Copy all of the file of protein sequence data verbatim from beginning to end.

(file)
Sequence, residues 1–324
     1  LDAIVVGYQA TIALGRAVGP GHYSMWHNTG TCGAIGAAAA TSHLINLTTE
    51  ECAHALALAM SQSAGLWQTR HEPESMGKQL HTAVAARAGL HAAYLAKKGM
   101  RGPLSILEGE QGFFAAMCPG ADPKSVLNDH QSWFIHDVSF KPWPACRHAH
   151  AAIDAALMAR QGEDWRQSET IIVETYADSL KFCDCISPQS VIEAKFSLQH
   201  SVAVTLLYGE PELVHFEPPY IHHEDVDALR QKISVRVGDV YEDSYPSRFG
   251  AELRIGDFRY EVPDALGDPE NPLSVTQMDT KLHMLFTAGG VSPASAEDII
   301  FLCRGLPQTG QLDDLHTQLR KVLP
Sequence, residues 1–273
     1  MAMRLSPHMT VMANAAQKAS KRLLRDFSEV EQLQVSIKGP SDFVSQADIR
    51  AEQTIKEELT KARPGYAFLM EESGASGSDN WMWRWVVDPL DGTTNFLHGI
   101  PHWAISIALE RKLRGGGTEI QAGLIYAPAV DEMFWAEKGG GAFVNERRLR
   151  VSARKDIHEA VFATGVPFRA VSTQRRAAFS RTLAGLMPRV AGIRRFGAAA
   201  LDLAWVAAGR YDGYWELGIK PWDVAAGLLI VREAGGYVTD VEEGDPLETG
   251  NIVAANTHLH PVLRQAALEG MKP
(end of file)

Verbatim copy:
Sequence, residues 1–324
     1  LDAIVVGYQA TIALGRAVGP GHYSMWHNTG TCGAIGAAAA TSHLINLTTE
    51  ECAHALALAM SQSAGLWQTR HEPESMGKQL HTAVAARAGL HAAYLAKKGM
   101  RGPLSILEGE QGFFAAMCPG ADPKSVLNDH QSWFIHDVSF KPWPACRHAH
   151  AAIDAALMAR QGEDWRQSET IIVETYADSL KFCDCISPQS VIEAKFSLQH
   201  SVAVTLLYGE PELVHFEPPY IHHEDVDALR QKISVRVGDV YEDSYPSRFG
   251  AELRIGDFRY EVPDALGDPE NPLSVTQMDT KLHMLFTAGG VSPASAEDII
   301  FLCRGLPQTG QLDDLHTQLR KVLP
Sequence, residues 1–273
     1  MAMRLSPHMT VMANAAQKAS KRLLRDFSEV EQLQVSIKGP SDFVSQADIR
    51  AEQTIKEELT KARPGYAFLM EESGASGSDN WMWRWVVDPL DGTTNFLHGI
   101  PHWAISIALE RKLRGGGTEI QAGLIYAPAV DEMFWAEKGG GAFVNERRLR
   151  VSARKDIHEA VFATGVPFRA VSTQRRAAFS RTLAGLMPRV AGIRRFGAAA
   201  LDLAWVAAGR YDGYWELGIK PWDVAAGLLI VREAGGYVTD VEEGDPLETG
   251  NIVAANTHLH PVLRQAALEG MKP